Hanan Porat, 1943 - 2011 Pioneer of Settler Movement

Porat, an ordained rabbi, was a popular teacher of Biblical texts and a prominent ideologue of the Greater Israel movement.

Hanan Porat, a former Knesset member and a driving force behind the Jewish settlement movement in the West Bank and the Gaza Strip, died of cancer Monday at his home in Kfar Etzion. He was 67.

Porat is survived by his wife, Rachel, their 11 children and many grandchildren. The details of his funeral have not yet been announced.

Hanan PoratCredit: Alex Levac

Porat grew up in Kfar Etzion, which was destroyed in the 1948 War of Independence. He was among the Israeli soldiers who captured the Old City of Jerusalem during the 1967 Six-Day War. As soon as the war was over, Hanan received permission to rebuild Kfar Etzion, which became the first Jewish settlement in the West Bank.

Porat, an ordained rabbi, was a popular teacher of Biblical texts and a prominent ideologue of the Greater Israel movement.

After being elected to the Knesset in 1981, Porat served almost continuously until 1999, save for a hiatus from 1984 to 1988.

In 1994, Kach supporter and Kiryat Arba resident Dr. Baruch Goldstein massacred 29 Arab worshipers in the mosque at the Tomb of the Patriarchs in Hebron before being killed by worshipers. Porat responded to a reporter who solicited his opinion of the incident, "Happy Purim!" He later said his comments had been taken out of context.

After Yitzhak Rabin's assassination in November 1995, Porat was among the members of the religious Zionist camp who called for a moral reckoning within the movement.

"The message must be that hate between siblings must not lead someone to murder his brother," Porat said. "A Jew murdered another Jew, and from now on we must understand that a civil war must not be allowed to happen in any case. Concerning Rabin, alongside the criticism of many of his actions he deserves respect for his contribution to Israel's establishment."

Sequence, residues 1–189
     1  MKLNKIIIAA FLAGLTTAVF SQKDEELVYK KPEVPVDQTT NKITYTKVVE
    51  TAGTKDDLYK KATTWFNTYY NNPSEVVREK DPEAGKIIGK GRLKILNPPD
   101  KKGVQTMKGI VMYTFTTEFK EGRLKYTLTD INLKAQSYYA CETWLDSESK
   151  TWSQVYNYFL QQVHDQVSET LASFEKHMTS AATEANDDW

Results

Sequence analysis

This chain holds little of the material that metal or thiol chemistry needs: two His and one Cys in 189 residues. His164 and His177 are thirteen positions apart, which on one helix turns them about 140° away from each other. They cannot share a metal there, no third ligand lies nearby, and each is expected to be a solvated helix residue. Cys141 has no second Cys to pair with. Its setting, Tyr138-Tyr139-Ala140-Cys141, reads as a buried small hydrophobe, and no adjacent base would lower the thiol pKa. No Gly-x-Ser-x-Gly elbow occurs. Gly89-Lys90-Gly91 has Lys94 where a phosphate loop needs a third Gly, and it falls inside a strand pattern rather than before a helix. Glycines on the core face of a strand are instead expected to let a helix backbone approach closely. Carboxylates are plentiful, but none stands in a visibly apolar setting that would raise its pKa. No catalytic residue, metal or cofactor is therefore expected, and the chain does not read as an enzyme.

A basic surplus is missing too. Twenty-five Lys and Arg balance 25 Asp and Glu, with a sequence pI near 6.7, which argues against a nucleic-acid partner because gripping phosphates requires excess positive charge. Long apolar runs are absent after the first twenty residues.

Last year, Porat told an interviewer that it was time for Israel "to present a political alternative, one without hatred toward Arabs and with no attempts to deport or hurt them." Yet he added that all sides must understand that "this is our home, between the Jordan River and the [Mediterranean] Sea, and in this home there will be no other national entity."

Prime Minister Benjamin Netanyahu was one of many politicians who paid tribute to Porat on Tuesday.

"Hanan Porat dedicated his life to building up the Land of Israel, and to educating generations of students about religious Zionism and loving the Land of Israel and the Jewish People," Netanyahu said in a statement released by his office. "His contributions to building up the land, and to its communities, to education and to leading the nation according to Zionist principles, are examples to Israelis.

"I first met Hanan almost 40 years ago and was immediately impressed by his Zionist fervor and his deep commitment to restoring the Jewish people to its land," Netanyahu said. "This fervor did not lessen and accompanied him until his last day. His contributions to institutions, individuals and to educating the younger generation will yet be told."



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